There’s a whole community, guided by Kerri Riveria, that is seeing amazing progress with MMS treatment. So little is known about autism and these families have proven it.

I am convinced this will greatly help Nathan because I know a lot of his issues stem from his gut problems. At age 2, Nathan had good and frequent poop. He wasn’t walking, yes. But nobody would have guessed that he would one day be so autistic. His regression coincides with his constipation and crying almost every night.

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Asking again and again

So little is said about Amor, Nathan’s twin sister. Her diagnosis is Global Developmental Delay (GDD). The doctor’s umbrella term for “we don’t know exactly, so we’ll just call it GDD.” :-P. Amor is doing pretty well, she has always been my fighter. It takes her longer than her peers to achieve things, but she always manages to get there.

Amor has, what I call, more advanced “isms” (exclusive or, in her case, semi-exclusive, repetitive behavior) like asking you to tell the same story over and over again. It used to bother me. But now, after understanding son-rise, I understand much better.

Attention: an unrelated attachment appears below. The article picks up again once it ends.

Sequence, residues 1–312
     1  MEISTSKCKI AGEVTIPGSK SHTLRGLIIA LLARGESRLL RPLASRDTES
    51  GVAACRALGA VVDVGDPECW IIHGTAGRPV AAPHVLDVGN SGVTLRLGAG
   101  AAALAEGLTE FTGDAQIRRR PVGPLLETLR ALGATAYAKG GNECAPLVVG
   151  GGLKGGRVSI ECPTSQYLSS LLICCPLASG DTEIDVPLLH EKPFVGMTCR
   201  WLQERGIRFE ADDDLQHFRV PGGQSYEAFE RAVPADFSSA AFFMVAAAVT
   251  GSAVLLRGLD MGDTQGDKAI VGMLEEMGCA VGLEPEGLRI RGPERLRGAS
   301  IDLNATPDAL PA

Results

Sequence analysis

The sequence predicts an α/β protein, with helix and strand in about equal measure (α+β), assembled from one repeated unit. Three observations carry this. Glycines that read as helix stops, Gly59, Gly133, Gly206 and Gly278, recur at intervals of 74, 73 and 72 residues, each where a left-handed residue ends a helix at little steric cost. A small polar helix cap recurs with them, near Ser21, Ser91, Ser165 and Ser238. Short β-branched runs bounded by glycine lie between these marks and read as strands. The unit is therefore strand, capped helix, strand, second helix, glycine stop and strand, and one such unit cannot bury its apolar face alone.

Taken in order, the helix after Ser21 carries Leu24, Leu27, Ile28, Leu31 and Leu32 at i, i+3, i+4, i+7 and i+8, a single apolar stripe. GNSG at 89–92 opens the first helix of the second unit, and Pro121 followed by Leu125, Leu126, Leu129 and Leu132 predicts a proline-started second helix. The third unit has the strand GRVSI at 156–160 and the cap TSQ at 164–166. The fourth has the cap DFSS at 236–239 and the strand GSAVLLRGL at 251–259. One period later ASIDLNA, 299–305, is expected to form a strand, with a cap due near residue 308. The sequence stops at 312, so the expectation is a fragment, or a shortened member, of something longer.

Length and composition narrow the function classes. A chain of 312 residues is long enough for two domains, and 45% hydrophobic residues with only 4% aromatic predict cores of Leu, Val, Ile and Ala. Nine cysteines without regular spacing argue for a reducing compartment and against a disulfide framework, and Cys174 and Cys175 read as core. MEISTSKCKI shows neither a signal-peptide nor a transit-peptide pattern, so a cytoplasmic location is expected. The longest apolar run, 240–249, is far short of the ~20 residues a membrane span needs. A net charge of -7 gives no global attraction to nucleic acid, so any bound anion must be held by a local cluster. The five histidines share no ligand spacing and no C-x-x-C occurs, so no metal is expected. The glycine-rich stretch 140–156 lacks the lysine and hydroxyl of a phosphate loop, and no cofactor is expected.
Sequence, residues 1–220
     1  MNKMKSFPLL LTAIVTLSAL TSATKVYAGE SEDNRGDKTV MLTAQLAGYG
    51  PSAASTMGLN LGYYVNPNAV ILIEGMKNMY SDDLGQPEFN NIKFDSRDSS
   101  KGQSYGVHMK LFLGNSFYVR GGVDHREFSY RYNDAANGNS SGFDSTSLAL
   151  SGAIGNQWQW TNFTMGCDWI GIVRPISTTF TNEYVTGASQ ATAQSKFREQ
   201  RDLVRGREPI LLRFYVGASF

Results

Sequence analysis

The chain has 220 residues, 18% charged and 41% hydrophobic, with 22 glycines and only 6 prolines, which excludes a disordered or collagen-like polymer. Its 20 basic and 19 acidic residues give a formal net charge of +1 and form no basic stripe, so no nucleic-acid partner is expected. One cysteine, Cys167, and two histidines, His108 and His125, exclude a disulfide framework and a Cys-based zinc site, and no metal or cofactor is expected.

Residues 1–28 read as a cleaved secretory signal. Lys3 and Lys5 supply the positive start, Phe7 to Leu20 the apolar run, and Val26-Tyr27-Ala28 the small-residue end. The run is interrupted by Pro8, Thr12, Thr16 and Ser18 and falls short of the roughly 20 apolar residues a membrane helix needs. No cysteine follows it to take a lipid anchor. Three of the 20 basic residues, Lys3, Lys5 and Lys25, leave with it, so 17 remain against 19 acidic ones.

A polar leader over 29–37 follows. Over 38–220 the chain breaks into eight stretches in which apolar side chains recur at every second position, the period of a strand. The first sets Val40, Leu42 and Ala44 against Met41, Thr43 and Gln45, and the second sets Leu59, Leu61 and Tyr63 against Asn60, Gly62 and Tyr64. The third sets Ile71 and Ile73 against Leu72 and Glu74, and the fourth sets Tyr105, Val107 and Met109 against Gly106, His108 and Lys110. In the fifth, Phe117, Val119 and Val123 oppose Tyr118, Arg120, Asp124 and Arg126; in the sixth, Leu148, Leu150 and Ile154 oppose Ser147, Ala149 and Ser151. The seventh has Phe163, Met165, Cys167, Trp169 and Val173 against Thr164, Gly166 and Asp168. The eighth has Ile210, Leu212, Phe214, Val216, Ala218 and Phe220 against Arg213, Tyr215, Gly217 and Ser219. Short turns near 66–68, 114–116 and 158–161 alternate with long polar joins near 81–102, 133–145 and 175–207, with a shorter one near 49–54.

Amor’s SPED therapist once told me she has trouble with her working memory. Working memory is what we need to be able to read a book from cover to cover and comprehend it.

When Amor asks to tell the same story again and again, it used to make my think, “Oh no! Here’s her working memory problem.”

But now, after son-rise, and understanding that “isms” are far more important than how they are usually judged, I know that Amor is only trying her best to cope. In fact we do the same.

I remember my amazing HS trigonometry teacher would memorize all the names of her hundreds of students on the first day of school. She would do it like this:
“What’s your name?”,
“Melissa(1)”, (register),
“(next) name?”,
“Alice(2)”, (register)
“Melissa(1), Alice(2),”
“(Next)?”
“Samantha(3)”
“Melissa(1), Alice(2), Samantha (3)”
…and so on, until she memorized all our names. Then she’d move to her next class and do the same.

When we are trying to recall lyrics or the title of a song, we sing, “la, la, la…” until we finally get to the chorus and sing. Then back to “la, la, la”, then sing the chorus again, until we finally find that title.

If you notice kid’s stories like “Three Little Pigs” or “Goldilocks and the 3 Bears,” they intentionally have repetition to help young kids with their working memory.

So, yes, my Amor has issues with her working memory but her asking to tell the same story over and over again, is not an indication of the problem. It is an indication that she is trying her best to overcome this problem. And by patiently answering her, over and over, if needed, we can actually help her overcome her problem with working memory.